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Essential Tools for developing Javascript in TextMate
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Commands
Macros
Support
README.markdown
info.plist

README.markdown

JavaScript Tools TextMate Bundle

Help

Opens this help file.

Run Javascript (⌘R)

Attempts to run the current javascript document or selection in TextMate's Web Preview window.

Javascript Lint

JSLint takes a JavaScript source and scans it. If it finds a problem, it returns a message describing the problem and an approximate location within the source. The problem is not necessarily a syntax error, although it often is. JSLint looks at some style conventions as well as structural problems. It does not prove that your program is correct. It just provides another set of eyes to help spot problems. - http://www.jslint.com/lint.html

  • Validate Syntax (⌃⇧V) uses Douglas Crockford's jslint to check your script for errors and warnings and shows the results in a new window. The Validate Javascript window will give you a description and hyperlink when problems are found. The hyperlink will take you straight to the where jslint suspects the problem arises.

  • Validate Syntax Quick (⌘S) same as above except that instead of a dedicated window you simply get a tooltip showing the number of errors and warnings. This command overrides the Save behavior so every time you save your javascript it will be passed through jslint. Of course it only applies to javascript files so you don't need to worry about accidentally jslint'ing your non-javascript files.

  • Edit Lint Validation settings allows you to customize what jslint considers when checking your script. The format and meaning of the options are straightforward and well documented within the settings file itself.

Formatting / Compression

  • Format Javascript (⌃Q) attempts to beautify your javascript by inserting uniform line breaks and indentation throughout your current document or selection.

  • Compress (current file) (⌃⌘C) uses a custom Rhino build from the Dojo Toolkit project to compress your current javascript document. Before compressing it attempts to insert missing semi-colons so you should consider running Validate Syntax and fixing missing semi-colons prior to using this command.

  • Dean Edwards Packer (current file) (⌃⌘C) compresses and obfuscates your current javascript document. It currently relies on the Packr ruby port which is based on version 3 of Packer. According to Dean Edwards, "All statements, including function declarations, must be correctly terminated with semi-colons" before you run this command. After an email exchange with James Coglan, author of Packr, it's been decided that base62 encoding not be on by default as having it off yields more efficiency when your scripts are gzipped.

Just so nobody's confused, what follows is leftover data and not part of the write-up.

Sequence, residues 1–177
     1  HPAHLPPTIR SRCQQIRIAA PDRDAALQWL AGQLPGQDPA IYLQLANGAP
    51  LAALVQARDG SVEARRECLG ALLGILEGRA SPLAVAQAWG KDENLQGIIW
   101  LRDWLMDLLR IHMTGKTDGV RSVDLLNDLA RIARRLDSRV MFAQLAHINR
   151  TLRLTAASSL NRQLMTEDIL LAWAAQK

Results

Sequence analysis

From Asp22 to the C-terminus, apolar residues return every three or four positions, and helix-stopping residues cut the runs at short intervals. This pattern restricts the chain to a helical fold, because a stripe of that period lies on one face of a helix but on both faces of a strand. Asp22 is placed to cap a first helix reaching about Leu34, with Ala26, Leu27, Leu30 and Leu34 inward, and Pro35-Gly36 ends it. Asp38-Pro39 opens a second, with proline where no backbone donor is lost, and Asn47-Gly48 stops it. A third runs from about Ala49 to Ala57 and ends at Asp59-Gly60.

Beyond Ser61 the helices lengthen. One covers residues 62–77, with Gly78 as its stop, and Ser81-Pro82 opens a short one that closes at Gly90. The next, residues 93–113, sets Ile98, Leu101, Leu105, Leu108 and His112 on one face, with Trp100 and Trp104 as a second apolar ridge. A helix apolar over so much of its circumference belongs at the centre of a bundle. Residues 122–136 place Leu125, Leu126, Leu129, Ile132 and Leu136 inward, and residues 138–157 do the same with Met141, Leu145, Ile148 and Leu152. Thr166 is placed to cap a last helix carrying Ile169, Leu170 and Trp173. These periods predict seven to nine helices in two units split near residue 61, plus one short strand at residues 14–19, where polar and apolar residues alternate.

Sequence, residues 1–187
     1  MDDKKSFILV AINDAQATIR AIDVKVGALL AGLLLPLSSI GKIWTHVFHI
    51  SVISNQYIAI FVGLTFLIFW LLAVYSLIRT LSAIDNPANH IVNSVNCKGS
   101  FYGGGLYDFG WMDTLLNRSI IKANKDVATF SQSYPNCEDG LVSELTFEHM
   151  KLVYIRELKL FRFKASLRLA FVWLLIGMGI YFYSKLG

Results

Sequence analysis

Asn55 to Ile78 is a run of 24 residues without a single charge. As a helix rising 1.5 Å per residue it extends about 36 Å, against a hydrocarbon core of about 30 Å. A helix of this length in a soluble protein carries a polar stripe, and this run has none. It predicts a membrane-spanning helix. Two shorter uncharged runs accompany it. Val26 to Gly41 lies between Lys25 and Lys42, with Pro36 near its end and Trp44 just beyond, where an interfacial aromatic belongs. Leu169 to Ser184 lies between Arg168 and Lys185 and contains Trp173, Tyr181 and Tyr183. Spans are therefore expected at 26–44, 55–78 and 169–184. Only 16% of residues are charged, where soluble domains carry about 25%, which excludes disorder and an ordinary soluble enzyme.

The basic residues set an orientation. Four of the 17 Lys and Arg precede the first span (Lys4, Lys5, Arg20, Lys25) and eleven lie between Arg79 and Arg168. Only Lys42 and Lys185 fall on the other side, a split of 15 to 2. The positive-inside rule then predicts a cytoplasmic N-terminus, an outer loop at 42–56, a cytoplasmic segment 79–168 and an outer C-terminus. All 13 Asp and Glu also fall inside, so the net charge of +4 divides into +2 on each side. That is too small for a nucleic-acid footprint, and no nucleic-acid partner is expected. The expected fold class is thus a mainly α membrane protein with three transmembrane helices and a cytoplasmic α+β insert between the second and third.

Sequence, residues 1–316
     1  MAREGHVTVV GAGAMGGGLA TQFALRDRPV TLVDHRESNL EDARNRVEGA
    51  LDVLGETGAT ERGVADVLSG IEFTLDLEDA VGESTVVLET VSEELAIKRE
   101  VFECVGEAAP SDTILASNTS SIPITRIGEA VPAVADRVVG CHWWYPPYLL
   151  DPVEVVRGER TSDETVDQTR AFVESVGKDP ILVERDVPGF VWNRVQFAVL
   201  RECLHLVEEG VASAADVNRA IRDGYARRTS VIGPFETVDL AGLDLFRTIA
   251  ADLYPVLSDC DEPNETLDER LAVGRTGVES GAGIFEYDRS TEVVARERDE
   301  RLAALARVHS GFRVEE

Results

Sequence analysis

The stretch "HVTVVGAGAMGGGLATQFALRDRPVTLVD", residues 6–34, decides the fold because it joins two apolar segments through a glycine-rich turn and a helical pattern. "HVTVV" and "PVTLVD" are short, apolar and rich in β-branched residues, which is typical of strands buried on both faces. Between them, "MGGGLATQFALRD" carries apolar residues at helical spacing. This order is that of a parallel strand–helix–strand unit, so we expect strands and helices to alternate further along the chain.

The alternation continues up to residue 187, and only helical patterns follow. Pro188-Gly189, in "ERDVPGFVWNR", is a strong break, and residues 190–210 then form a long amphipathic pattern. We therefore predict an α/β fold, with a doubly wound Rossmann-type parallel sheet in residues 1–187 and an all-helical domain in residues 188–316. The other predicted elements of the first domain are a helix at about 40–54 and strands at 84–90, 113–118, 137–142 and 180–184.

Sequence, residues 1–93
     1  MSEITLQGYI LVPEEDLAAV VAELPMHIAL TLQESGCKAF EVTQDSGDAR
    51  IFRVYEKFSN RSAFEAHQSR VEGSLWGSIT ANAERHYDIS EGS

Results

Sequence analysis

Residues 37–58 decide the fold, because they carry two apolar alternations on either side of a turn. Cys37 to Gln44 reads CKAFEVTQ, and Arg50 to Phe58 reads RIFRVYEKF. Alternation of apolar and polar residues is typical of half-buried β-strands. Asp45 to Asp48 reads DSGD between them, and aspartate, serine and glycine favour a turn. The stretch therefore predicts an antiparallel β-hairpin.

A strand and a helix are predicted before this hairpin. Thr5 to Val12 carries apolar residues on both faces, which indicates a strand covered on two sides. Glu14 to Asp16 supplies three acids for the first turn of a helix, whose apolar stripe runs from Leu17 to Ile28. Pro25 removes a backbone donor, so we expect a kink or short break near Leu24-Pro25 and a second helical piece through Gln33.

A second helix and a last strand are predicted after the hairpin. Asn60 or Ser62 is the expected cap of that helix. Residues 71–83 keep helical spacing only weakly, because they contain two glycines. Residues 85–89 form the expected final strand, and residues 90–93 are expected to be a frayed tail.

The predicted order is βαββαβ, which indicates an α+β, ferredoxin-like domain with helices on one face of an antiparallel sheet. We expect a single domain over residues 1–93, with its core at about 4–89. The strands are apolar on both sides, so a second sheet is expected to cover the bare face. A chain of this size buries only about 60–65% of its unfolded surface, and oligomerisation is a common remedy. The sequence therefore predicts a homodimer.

However, if you would like base62 encoding, just set the Variable TM_JST_PB62 to true in the Advanced pane of the TextMate preferences or in your TextMate Project variables (see the TextMate documentation for more info on setting environment variables).

  • YUI! Compressor (current file) (⌃⌘C) compresses your current javascript document. By default it assumes your character set is UTF-8. Additionally it strictly preserves semi-colons, i.e. it will not drop or attempt to insert any semi-colons. Both of these settings can be easily changed by opening the Bundle editor and adjusting the second line of this command through the Bundle editor.

  • Minimize (current file) (⌃⌘C) uses Douglas Crockford's JSMin to minimize your current javascript document. It will not do any semi-colon insertion or removal.

  • Minimize selection (⌃⌥⇧Q) same as the above except it only applies to the selected portion of your current javascript document.

  • Convert Javascript to Bookmarklet (⌃⌥⇧Q) turns your current javascript selection or document into a bookmarklet for use in a web browser.

  • Convert Bookmarklet to Javascript (⌃⌥⇧Q) does the opposite of the above; turns an existing bookmarklet into a standard javascript.

Licenses

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